How to Make People Laugh in Korea


It’s kind of popular these days on the peninsula to be a comedian. While this is noticeable if you turn on the television, you do need to leave your home and find a venue in which comedians are doing their bestestest to force giggles and titters, with the occasional guffaw. Comedy is the in thing in terms of entertainment. Of course, like all performance types, it helps if you are actually good at it.

While I’m not the kind to point the finger with snide remarks on ability and taste, I do think that standards should be put in place, not necessarily by the venue but certainly by the spectator. Some will probably think I’m a snob. Why shouldn’t someone be able to get up on stage, challenge their inner-demons, and become the talent they have always harboured deep inside? Yes. Why shouldn’t they? Or, in fact the statement should really be how could they not?

The stage in Korea is an amazing space for discovering your talents. I would encourage anyone who believes they might be good at something on stage to get up on the stage and do it. Find out out for yourself, don’t wait to find out what could have been. If it doesn’t work the first time, it will work at some stage. I would always encourage anyone to go on the stage to release any anxiety about what is the point of anything, because once the crowd responds, answers are definitely a lot clearer. Continue reading

Why the Revolution Will Not Be Tweeted.


This article from the New Yorker which I just finished reading is somewhat related to an article I wrote previously about Facebook and the Neil Postman book Amusing Ourselves to Death. Basically, this looks further into the disconnection that a tool like Facebook can cause. In this case it is related to social activism and the ‘friends’ and the networks we are involved with on Facebook. I’ll allow the article to speak for itself:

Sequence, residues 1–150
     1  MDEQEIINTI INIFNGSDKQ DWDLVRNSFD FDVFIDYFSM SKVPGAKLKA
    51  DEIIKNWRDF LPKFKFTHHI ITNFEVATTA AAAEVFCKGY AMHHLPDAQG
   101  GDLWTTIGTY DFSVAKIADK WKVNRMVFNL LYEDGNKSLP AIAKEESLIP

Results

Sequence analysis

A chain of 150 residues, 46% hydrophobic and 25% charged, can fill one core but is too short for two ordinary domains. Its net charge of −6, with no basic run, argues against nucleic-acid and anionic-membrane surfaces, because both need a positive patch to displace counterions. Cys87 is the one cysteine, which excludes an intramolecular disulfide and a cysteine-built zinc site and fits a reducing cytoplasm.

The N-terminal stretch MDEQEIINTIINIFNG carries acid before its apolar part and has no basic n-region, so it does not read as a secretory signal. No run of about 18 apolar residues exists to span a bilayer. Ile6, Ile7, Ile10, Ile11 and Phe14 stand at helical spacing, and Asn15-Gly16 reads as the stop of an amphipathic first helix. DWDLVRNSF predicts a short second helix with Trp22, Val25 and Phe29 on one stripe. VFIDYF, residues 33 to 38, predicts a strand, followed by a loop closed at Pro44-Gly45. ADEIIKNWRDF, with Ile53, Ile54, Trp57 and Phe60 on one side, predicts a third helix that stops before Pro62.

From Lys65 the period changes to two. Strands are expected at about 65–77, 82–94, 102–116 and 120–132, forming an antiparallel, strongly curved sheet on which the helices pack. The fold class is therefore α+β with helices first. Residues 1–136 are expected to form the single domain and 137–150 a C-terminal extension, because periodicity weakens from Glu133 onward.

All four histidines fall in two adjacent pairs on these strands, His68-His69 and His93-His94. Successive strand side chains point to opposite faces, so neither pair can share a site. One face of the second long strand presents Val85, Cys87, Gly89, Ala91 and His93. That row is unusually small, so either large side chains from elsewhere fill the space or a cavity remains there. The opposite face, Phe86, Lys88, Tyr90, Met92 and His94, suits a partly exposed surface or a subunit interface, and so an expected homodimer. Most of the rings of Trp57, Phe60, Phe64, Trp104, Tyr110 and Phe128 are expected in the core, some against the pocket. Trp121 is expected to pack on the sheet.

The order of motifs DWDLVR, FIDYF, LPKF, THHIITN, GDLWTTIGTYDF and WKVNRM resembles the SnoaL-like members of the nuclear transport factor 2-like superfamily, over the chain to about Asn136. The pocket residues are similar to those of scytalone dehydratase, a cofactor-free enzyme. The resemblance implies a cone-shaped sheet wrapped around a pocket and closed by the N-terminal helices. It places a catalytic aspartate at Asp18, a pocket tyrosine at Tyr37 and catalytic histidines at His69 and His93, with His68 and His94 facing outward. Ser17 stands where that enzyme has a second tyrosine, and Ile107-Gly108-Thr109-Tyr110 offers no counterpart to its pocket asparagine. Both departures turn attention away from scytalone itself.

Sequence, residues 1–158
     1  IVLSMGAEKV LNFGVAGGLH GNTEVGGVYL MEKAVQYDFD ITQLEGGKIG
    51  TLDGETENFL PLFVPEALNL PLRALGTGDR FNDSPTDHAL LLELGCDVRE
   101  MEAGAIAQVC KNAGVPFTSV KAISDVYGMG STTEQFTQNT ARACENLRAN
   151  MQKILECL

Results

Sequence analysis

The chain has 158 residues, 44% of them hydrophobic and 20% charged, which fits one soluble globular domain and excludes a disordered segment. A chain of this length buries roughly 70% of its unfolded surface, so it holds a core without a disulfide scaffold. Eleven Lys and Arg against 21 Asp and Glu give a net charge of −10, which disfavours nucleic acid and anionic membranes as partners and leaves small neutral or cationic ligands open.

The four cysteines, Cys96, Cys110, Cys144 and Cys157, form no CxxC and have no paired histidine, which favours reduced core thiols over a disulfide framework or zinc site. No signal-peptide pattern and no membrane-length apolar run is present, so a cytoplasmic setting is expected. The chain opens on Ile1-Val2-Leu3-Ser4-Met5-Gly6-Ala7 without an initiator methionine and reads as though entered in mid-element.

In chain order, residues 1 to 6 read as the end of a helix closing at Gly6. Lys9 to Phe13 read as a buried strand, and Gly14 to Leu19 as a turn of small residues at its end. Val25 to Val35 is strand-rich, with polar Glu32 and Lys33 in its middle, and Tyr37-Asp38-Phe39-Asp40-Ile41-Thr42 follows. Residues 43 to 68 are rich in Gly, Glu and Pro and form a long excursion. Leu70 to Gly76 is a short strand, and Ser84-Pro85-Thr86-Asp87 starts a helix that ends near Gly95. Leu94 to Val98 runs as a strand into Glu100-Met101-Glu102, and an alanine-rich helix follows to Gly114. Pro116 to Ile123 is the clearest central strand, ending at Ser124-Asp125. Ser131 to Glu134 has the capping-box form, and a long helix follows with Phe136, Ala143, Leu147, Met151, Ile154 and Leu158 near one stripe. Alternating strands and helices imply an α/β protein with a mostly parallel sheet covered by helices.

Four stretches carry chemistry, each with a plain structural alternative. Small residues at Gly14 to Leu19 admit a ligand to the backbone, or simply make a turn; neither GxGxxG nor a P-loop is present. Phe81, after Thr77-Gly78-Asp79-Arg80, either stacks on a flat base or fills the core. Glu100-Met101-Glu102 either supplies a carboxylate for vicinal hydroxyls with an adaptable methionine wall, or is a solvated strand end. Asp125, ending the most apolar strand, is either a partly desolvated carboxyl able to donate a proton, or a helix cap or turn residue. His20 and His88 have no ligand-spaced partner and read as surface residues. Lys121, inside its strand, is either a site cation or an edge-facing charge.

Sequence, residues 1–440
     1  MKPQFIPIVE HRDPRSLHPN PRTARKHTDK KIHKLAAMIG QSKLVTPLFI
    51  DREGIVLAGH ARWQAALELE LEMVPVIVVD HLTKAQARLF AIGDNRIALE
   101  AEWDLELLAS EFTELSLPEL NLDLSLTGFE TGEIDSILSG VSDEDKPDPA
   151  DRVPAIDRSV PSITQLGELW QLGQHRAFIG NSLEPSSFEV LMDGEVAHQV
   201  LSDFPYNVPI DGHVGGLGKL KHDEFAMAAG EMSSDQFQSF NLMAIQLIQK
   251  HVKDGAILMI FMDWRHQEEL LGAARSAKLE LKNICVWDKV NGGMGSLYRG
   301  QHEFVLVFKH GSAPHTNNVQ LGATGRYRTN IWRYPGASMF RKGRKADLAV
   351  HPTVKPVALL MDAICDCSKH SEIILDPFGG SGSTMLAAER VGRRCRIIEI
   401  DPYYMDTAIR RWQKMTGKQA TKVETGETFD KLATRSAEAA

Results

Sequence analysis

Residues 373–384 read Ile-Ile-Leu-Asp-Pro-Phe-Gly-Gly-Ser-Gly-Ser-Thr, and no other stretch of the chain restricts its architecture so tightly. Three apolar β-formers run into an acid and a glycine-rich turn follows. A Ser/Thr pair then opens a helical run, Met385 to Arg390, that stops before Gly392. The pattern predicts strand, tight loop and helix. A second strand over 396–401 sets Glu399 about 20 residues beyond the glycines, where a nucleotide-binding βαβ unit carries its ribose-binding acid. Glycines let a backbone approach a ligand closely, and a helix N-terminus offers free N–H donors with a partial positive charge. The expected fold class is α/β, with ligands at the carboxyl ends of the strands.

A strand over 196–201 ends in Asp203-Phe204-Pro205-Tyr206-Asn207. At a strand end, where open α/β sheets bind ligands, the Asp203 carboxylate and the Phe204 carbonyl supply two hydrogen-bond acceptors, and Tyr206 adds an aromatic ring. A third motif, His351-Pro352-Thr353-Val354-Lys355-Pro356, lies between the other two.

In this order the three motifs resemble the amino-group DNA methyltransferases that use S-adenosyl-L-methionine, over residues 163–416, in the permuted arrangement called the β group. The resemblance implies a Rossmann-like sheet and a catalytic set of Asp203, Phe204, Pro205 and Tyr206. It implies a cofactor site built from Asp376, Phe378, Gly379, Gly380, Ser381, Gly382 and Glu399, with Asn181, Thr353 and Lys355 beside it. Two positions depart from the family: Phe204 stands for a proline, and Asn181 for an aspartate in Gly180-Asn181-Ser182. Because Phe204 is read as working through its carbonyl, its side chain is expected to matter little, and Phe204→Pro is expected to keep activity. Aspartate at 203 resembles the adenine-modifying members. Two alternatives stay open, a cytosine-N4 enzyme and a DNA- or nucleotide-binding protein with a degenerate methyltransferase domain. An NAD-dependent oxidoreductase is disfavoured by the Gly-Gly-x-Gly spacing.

Small Change

Why the revolution will not be tweeted.

by Malcolm Gladwell October 4, 2010

At four-thirty in the afternoon on Monday, February 1, 1960, four college students sat down at the lunch counter at the Woolworth’s in downtown Greensboro, North Carolina. They were freshmen at North Carolina A. & T., a black college a mile or so away.

“I’d like a cup of coffee, please,” one of the four, Ezell Blair, said to the waitress.

“We don’t serve Negroes here,” she replied.

The Woolworth’s lunch counter was a long L-shaped bar that could seat sixty-six people, with a standup snack bar at one end. The seats were for whites. The snack bar was for blacks. Another employee, a black woman who worked at the steam table, approached the students and tried to warn them away. “You’re acting stupid, ignorant!” she said. They didn’t move. Around five-thirty, the front doors to the store were locked. The four still didn’t move. Finally, they left by a side door. Outside, a small crowd had gathered, including a photographer from the Greensboro Record. “I’ll be back tomorrow with A. & T. College,” one of the students said.

 

Continue reading at newyorker.com »–›

Joongang Daily: Adrift in Irrelevancy


As an afterword to Typhoon Kompasu I’d like to write about an oddly directed piece of criticism/opinion which I’ read in a leading newspaper. Beautifully and wordily scripted for the ultimate effect, it’s difficult to really understand why this article made it into the opinion section of the newspaper at all, it could have, if written with a few less decorations, made it into the ‘letters to the editor’ in a respectable newspaper. Even then, it doesn’t really add any strength to any argument whatsoever, that is if there is an argument in it at all. There is certainly no solution.

Continue reading